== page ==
He told delegates at the National Retail Consumer Conference in Stratford: “Government cuts and new restrictions over what little funding that is available mean that it is unlikely we will see any new social housing built in the lifetime of the present Government. This presents new opportunities for housing co-operatives, but also great challenges.”
But Mr Rodgers said the Co-operative Movement could still make its mark in the sector by establishing a new investment bank to fund housing co-operatives. A feasibility study on such an initiative is currently under way, he explained.
He also urged retail societies to manage their property portfolios in a socially responsible way and “help develop much-needed affordable housing co-ops for the communities they serve”.
Mr Rodgers gave a brief overview of the nature of the housing sector in the UK and analysed prospects for co-operative and social housing.
He said: “Although the UK's co-operative housing sector is small — just 0.6 per cent of the total housing stock — it is punching well above its weight and co-operative tenants are the most satisfied of all social housing tenants on every measure, according to an independent survey carried out by the Tenant Services Authority, the regulator of social housing in England.”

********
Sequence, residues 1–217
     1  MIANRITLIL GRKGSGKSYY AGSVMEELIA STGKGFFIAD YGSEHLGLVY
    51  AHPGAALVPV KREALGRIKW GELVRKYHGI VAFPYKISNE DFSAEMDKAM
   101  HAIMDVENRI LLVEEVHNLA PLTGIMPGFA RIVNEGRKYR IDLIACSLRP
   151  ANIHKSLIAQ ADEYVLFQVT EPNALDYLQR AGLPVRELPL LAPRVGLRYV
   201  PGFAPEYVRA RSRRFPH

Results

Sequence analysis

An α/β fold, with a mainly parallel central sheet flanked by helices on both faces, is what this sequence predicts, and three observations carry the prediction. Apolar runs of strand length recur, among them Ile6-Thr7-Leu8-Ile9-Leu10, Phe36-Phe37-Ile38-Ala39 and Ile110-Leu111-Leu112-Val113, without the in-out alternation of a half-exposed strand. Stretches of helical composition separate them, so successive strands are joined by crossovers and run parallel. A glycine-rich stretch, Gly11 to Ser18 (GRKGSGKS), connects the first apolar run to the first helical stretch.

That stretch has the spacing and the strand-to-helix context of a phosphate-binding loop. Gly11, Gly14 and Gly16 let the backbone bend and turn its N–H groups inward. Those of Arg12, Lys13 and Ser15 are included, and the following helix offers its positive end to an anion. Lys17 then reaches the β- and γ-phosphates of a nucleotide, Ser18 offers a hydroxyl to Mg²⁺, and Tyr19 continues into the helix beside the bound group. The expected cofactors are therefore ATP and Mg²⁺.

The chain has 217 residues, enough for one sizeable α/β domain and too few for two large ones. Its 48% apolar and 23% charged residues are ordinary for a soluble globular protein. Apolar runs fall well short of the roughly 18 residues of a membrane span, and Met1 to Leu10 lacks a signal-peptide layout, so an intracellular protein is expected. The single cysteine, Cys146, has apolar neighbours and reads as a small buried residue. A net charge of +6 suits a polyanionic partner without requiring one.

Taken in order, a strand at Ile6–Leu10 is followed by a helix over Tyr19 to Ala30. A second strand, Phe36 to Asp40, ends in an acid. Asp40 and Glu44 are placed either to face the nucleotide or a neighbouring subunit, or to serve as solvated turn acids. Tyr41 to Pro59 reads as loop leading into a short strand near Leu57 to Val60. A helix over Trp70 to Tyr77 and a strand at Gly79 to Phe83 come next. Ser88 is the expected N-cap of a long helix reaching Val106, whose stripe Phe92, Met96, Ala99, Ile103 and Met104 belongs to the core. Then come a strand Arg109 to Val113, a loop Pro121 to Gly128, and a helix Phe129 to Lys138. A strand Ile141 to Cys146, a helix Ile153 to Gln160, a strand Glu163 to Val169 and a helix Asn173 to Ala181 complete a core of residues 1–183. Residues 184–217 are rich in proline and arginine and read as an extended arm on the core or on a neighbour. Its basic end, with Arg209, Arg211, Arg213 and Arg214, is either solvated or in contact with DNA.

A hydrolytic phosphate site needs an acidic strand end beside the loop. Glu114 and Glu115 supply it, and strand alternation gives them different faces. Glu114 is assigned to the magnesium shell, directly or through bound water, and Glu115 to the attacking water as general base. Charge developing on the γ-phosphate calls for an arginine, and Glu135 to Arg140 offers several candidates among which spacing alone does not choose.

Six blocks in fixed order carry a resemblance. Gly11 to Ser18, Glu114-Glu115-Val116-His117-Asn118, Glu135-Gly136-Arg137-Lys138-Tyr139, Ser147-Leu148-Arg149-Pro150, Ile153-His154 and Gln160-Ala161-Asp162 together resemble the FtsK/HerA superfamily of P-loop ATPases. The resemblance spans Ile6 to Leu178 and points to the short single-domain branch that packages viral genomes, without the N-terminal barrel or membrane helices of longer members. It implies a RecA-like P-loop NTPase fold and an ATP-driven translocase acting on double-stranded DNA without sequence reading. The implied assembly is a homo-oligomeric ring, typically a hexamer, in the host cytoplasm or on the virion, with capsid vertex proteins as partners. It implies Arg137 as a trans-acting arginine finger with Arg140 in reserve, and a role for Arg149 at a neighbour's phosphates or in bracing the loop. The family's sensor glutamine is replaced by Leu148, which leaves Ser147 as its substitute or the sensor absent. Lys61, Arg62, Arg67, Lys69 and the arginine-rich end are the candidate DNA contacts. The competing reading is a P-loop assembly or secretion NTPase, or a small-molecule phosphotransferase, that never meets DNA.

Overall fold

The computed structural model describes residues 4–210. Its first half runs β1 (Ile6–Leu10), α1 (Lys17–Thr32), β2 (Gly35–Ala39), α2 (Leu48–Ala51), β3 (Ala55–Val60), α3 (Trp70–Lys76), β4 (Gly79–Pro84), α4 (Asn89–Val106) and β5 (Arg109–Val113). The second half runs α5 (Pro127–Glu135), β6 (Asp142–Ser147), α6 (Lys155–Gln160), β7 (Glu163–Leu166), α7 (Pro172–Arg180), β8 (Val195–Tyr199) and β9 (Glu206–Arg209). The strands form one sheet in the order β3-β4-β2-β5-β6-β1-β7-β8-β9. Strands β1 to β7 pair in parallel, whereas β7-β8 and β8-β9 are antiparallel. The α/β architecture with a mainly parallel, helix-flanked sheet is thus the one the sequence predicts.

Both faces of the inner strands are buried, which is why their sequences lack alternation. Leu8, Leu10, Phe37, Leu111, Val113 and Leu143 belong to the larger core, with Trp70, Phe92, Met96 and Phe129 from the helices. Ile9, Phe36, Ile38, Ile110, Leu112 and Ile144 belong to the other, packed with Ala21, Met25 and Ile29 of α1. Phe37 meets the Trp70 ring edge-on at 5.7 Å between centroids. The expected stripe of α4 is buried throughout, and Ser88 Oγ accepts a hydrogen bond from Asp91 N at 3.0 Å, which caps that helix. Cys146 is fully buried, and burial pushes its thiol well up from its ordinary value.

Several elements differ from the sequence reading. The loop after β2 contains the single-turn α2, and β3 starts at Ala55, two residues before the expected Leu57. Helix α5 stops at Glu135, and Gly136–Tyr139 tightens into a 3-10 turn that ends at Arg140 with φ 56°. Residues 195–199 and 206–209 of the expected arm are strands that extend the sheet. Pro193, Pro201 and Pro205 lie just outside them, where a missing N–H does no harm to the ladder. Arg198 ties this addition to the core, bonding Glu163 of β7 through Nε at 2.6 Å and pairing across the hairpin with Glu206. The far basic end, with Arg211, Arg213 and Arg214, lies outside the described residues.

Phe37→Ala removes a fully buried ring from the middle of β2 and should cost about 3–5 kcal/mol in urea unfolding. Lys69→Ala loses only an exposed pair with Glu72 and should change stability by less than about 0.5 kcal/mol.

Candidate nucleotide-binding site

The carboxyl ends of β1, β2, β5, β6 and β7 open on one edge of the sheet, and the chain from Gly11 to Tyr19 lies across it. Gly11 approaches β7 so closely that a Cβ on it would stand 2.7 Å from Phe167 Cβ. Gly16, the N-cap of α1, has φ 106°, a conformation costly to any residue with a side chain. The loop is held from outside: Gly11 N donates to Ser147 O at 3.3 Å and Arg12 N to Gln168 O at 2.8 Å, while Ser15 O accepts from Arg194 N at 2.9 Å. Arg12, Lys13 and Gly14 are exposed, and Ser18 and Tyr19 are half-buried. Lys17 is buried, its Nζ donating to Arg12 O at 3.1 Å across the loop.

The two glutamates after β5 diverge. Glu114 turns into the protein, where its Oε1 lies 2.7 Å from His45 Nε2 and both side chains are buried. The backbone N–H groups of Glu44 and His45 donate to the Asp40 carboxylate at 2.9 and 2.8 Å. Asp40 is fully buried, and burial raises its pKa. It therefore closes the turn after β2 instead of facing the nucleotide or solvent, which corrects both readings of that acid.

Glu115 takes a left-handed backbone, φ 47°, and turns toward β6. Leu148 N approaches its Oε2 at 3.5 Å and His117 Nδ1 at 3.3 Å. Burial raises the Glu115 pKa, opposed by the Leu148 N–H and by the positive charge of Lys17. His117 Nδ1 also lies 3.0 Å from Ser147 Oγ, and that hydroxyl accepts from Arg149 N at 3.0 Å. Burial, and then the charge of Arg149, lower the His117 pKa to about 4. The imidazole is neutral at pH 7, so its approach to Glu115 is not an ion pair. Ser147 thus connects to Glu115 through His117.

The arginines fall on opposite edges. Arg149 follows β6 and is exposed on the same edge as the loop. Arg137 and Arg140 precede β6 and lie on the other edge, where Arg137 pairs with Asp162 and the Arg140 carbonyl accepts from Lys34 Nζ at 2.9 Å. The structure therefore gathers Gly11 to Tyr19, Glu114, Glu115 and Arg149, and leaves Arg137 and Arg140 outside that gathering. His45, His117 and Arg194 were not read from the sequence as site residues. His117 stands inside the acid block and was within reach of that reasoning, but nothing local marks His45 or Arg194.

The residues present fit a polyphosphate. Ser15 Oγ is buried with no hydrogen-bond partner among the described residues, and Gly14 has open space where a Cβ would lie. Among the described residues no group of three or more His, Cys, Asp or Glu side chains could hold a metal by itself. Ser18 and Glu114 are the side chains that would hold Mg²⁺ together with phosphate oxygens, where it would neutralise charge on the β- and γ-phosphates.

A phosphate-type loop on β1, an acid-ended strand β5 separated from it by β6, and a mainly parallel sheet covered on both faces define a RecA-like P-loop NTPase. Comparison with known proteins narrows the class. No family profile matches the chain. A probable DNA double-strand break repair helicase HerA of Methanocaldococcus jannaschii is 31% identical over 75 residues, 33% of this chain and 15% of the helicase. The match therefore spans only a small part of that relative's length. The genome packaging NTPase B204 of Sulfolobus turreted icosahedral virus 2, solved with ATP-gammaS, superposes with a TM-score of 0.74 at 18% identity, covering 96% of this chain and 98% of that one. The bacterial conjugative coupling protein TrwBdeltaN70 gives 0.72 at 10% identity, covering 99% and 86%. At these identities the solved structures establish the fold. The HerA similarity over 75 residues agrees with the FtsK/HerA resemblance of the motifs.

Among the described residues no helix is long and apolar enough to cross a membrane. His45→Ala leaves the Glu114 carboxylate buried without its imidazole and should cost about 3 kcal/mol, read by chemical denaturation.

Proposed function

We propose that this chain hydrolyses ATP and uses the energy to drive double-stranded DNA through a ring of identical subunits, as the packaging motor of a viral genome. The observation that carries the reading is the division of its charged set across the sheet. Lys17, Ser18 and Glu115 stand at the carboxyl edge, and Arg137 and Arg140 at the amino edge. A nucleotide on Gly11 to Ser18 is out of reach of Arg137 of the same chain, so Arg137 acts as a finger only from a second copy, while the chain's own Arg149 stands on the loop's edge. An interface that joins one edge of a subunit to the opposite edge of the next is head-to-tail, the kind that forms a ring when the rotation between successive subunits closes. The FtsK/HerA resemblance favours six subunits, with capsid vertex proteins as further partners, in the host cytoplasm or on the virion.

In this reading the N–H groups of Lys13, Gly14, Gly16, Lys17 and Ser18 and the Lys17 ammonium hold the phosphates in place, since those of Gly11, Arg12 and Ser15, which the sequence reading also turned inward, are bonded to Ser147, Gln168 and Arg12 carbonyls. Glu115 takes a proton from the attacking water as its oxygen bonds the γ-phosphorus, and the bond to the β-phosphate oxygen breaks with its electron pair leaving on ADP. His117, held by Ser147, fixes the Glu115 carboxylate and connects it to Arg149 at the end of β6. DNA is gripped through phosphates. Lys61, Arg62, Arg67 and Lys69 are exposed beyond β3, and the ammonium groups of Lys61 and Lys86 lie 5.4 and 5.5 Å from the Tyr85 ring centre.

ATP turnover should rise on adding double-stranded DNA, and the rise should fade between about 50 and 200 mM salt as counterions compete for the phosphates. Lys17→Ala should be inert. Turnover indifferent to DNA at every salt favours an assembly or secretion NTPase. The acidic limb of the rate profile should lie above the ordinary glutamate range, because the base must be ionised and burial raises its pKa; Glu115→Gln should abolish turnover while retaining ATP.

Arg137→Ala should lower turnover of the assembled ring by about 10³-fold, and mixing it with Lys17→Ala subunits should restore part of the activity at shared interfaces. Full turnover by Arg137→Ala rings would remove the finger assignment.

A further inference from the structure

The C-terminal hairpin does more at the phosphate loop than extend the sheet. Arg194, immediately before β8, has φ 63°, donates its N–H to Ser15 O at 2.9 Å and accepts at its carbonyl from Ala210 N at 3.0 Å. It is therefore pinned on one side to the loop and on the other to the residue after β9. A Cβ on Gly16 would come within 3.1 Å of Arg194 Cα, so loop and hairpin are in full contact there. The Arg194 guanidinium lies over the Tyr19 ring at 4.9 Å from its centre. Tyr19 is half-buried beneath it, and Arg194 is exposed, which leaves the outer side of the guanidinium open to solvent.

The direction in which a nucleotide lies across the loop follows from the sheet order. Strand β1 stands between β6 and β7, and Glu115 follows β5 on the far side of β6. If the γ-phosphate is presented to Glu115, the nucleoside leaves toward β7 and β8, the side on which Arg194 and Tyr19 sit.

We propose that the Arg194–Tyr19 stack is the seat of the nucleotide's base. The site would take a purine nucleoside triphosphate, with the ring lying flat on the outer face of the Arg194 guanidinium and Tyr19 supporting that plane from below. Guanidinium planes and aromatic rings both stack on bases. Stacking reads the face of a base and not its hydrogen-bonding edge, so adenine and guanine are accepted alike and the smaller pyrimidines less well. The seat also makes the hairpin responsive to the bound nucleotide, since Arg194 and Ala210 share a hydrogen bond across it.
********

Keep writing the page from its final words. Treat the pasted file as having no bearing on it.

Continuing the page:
Mr Rodgers also explained the findings of the independent Commission on Co-operative and Mutual Housing in its 2009 report ‘Bringing Democracy Home’ (www.ccmh.coop) and said the Commission had also found high satisfaction among tenants.
Members, he said, gained skills that are useful in other aspects of their lives as well as benefiting from living in communities that are socially, economically and environmentally sustainable.